There’s usually no problem when developing specs to match a waterjet with a particular hull. That’s especially true for larger boats.
“There’s so much engineering and design talent. Multiple people are reviewing it,” said HamiltonJet’s Steve Peake.
It’s with smaller boats, under about 60', that issues arise between the anticipated benefits of waterjets and reality when the boat goes into the water. And generally the problem is not with the jets.
“We tailor the jet on what we get back from the builder or the naval architect,” said Marine Jet Power’s Jordon Tilton. The questions have to do with such things as a boat’s dimensions, weight, horsepower and gearbox — if one will be used. The answers determine the waterjet and the impellor that goes in it.
If changes are made at the boatyard, the waterjet supplier can probably adjust its original selection as long as they are notified of the changes. But when the boat goes in the water and it’s, say, 40,000 lbs. and the jet and impellor were sized for a 30,000-lb. boat, “We can’t guarantee what it’s going to do,” said Tilton.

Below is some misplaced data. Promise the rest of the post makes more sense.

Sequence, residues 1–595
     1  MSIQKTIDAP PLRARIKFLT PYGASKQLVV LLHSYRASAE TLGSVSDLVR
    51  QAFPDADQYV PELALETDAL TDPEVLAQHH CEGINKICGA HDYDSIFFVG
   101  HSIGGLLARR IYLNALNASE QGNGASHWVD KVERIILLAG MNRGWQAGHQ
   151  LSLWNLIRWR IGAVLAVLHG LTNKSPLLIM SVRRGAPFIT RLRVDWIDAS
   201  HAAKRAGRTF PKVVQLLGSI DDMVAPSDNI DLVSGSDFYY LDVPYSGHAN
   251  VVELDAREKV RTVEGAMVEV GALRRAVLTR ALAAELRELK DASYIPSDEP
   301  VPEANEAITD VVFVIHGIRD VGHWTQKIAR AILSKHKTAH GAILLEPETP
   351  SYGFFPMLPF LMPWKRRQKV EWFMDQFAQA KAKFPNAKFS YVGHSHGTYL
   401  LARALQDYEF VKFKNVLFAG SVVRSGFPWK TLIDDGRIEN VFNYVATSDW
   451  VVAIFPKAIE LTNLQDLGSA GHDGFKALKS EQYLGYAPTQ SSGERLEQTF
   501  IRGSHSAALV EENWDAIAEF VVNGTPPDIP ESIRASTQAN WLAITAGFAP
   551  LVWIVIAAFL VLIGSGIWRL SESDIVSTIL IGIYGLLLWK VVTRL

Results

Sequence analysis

Peake said he sees one or two boats a year where because “of a bad design or lack of control of the customer, the customer, after the fact, puts everything but the kitchen sink on the boat.”
Most of the time those are smaller boats. However, he remembers one 100' catamaran where the “builder had one concept and the owner had another concept.” By the time they were through, the owner made several changes and the boat had grown 50 percent relative to the original number. “The boat wasn’t light and fast anymore, and the owner complained,” Peake said.
Matching a waterjet with a hull is a function of thrust versus resistance. “If the hull resistance is ‘X’, we’ll give you enough thrust to do whatever it is you want it to do,” Peake said. “You change the criteria and you don’t have enough thrust anymore. The problem is you are overweight. It’s not the jet’s problem.” — M. Crowley